5 things to do before your annual meeting and election
  • Anticipate shareholders' or owners' questions and be prepared to answer them
  • Make sure relevant parties can attend like your building’s engineer or accountant
Celia Young Headshot
By Celia Young
October 6, 2023 - 12:30PM
Several tall residential buildings in NoHo, New York City, draped by sunlight.

Your annual meeting is a great opportunity for condo and co-op board members to provide building updates to residents.


Holding an annual meeting for your New York City co-op or condo building may seem like a routine function, but it is a crucial part of managing a building.

Your annual meeting is a great opportunity to inform owners or shareholders about what’s going on in your building—be it a major renovation or just some new paint in the hallways—as well as elect members to the board. 

While annual meetings and elections can sometimes get heated, boards that prepare well in advance should be able to keep things running smoothly, says Mark Foley, co-founder and president of The Folson Group, a co-op and condo building consultancy firm.

“It's kind of like the State of the Union: you want to explain the state of the building and what's going on,” Foley says. “You also want to anticipate any problems and questions so that you have an answer.”

The best way to prepare for an annual meeting is to communicate with residents throughout the year, so the board has a strong understanding of what residents want to hear about, Foley says.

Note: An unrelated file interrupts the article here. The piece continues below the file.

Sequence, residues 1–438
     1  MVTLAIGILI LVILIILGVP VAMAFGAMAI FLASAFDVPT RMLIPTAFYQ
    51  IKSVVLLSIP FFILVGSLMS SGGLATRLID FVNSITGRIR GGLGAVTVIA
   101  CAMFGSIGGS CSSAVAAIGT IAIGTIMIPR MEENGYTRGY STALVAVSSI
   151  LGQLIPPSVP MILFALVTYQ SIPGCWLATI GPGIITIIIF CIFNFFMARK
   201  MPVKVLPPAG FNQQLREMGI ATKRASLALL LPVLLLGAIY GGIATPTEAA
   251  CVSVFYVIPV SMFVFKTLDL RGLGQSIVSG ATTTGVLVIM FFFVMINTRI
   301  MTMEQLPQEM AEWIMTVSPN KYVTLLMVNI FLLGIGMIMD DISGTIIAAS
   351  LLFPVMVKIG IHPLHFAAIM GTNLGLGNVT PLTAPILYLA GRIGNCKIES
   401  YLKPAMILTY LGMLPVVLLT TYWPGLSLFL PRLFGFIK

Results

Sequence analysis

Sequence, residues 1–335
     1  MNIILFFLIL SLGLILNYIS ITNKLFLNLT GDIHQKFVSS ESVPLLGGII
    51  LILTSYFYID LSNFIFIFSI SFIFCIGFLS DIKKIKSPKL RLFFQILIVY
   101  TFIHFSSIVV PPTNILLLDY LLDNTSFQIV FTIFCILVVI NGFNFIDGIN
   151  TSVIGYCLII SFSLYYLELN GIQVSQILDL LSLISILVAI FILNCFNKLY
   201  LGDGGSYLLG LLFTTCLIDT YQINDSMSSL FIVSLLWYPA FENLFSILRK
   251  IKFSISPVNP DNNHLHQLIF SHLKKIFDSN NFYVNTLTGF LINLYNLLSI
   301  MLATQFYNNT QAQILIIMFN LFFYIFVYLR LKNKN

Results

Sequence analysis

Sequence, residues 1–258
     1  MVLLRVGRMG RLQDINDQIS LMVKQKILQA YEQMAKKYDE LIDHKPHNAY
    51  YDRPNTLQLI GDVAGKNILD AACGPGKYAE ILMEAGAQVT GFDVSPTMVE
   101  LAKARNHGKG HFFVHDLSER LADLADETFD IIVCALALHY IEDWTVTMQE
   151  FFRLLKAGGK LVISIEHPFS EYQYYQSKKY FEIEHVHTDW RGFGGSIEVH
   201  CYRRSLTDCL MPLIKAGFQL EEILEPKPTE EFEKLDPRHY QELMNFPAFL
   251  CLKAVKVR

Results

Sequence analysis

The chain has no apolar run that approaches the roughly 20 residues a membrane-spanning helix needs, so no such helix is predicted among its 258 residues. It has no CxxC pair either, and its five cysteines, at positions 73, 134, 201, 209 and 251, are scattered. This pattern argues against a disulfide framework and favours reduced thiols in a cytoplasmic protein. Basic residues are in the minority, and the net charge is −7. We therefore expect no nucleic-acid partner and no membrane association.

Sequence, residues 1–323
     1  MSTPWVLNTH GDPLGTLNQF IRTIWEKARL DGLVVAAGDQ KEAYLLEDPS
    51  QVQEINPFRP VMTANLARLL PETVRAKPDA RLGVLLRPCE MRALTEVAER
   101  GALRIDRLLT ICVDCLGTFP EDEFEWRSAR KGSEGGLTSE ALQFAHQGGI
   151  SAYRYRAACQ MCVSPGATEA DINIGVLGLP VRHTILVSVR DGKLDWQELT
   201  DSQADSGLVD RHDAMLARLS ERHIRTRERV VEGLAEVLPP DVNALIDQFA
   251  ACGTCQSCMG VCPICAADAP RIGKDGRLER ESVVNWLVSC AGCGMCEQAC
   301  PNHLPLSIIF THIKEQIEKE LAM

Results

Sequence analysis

There are a handful of other steps you can take to make sure your meeting runs as smoothly as possible. You should make sure you understand what shareholders or owners will want to talk about, have the relevant experts in attendance, secure a space big enough for your building and notify residents of the meeting ahead of time. 

Most importantly, you should understand your bylaws, as they govern how annual meetings and elections will take place. 

Read on for five tips on how to prepare for an annual meeting. 

1. Engage your shareholders

The key to a healthy annual meeting is communication, Foley says. The board should be communicating with building residents so no one is blindsided during the annual meeting.

“You would like to have communicated during the year so there aren’t any major surprises in the meeting.” Foley says. “You want to be very honest, transparent, and forthcoming.”

The board should also have a strong sense of what kind of questions residents are going to ask—and they should have answers, says Corinne Arnold, a managing partner at EZ Election Solutions, which manages condo and co-op elections.

“You don’t want to go into an annual meeting ill-prepared and not speaking to things that are relevant to everyone in the building,” Arnold says. “If you're talking about paint color in the hallways, but you just had a $10,000 assessment per apartment, you're probably off the mark.”

2. Understand your bylaws and state law

It’s difficult to overstate the importance of knowing your building’s bylaws ahead of your annual meeting and election. The bylaws will govern how early you have to notify residents of the meeting, the order of what’s discussed, the amount of residents required to be present to even have an election, and how votes are counted.